How They Did It

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Planning and Development Process

Key steps included the following:
  • Setting up program to serve children: In 2006, a UVA Health System child psychiatrist initiated a partnership with one CSB in southwestern Virginia to provide videoconferencing services on a regular basis. Over the next 2 years, similar partnerships formed with several other CSBs. In each case, staff from the Center for Telehealth made site visits to install the needed technology and train employees to use it. Faculty psychiatrists who already had experience treating patients via videoconference trained the child psychiatry fellows on how best to provide care through this medium; for example, they taught them the importance of using slightly exaggerated gestures and looking directly at the camera on occasion to approximate eye contact.
  • Setting up program to serve adults: In 2003, a UVA Health System adult psychiatrist began initiating partnerships with several primary care clinics in southwest Virginia to provide videoconferencing on a weekly basis. The service was relatively easy to set up at these sites because the Center had already implemented videoconferencing with many of these clinics in other medical specialties.
  • Expanding programs: Both programs steadily expanded in the ensuing years, as word spread among health care professionals in rural areas that psychiatry services could be obtained via videoconference, and as program leaders promoted the programs through professional organizations and at medical conferences. In 2009, the program expanded to include two geriatric clinics that operate as part of State's Program of All-Inclusive Care of the Elderly (PACE) program.
  • Launching new model for children in crisis: Under a new model initiated in 2013, the program began providing crisis services to children with mental health issues at 10 additional CSBs. Under this initiative, patients having a mental health crisis who come to a CSB receive a prompt videoconference-based evaluation by a psychiatrist, who typically prescribes medication therapy. Once stable, the patient is transferred to the care of a PCP for ongoing monitoring and medication management. The psychiatrist remains available for followup consultations by video or telephone.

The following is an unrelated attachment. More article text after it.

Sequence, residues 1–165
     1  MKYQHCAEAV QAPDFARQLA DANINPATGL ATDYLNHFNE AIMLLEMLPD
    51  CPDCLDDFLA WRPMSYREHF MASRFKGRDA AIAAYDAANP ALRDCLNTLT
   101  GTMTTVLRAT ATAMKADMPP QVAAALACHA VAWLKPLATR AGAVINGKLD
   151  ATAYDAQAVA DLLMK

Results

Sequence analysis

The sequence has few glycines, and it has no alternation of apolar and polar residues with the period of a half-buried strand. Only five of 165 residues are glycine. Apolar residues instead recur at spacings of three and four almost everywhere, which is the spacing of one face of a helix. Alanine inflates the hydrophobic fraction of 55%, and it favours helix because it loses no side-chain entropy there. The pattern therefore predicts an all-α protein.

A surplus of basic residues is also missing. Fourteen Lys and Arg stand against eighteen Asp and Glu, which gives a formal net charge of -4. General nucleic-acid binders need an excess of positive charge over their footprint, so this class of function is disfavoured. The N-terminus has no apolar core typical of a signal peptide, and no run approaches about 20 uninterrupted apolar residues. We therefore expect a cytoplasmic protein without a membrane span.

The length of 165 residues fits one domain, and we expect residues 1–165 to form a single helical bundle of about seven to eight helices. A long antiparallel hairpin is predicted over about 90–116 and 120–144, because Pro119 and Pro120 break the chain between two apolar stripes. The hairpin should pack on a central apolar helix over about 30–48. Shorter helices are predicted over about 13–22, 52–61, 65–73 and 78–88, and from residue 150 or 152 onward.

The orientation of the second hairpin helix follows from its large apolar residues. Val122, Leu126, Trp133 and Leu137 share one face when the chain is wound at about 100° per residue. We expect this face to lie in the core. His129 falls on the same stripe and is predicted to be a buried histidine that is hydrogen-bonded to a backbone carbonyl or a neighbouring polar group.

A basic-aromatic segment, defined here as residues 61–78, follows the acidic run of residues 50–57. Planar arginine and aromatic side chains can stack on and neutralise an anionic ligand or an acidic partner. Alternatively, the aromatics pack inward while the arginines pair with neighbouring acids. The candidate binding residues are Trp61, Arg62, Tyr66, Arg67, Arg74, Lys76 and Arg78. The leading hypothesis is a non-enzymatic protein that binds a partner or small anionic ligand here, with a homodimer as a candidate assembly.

Resources Used and Skills Needed

  • Staffing: As noted, 3 faculty psychiatrists and 6 child psychiatry fellows work on a part-time basis serving children, whereas a faculty psychiatrist and 10 adult psychiatry residents work on a part-time basis to serve adults. Staff from the Center for Telehealth contribute their services to the program as part of their regular duties, working as needed to install and maintain videoconferencing equipment at the Charlottesville clinic and the participating CSBs and clinics in rural areas.
  • Costs: Data on program costs are not available. Upfront costs consist primarily of the videoconferencing equipment, including computers with cameras. Ongoing costs include staff time dedicated to the program and ongoing maintenance of the equipment and secure Internet connections.
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Funding Sources

Anthem Health Plans of Virginia
The State of Virginia and Anthem Health Plans of Virginia have provided significant financial support to the program. For example, in 2003, Anthem awarded a 5-year, $250,000 grant to the Center for Telehealth to help expand the reach of the adult program in rural Virginia, including covering care for indigent patients.end fs

Tools and Other Resources

More information about the UVA Health System's Center for Telehealth is available on the center's Web site at: http://www.healthsystem.virginia.edu/pub/office-of-telemedicine/center-for-telehealth.html.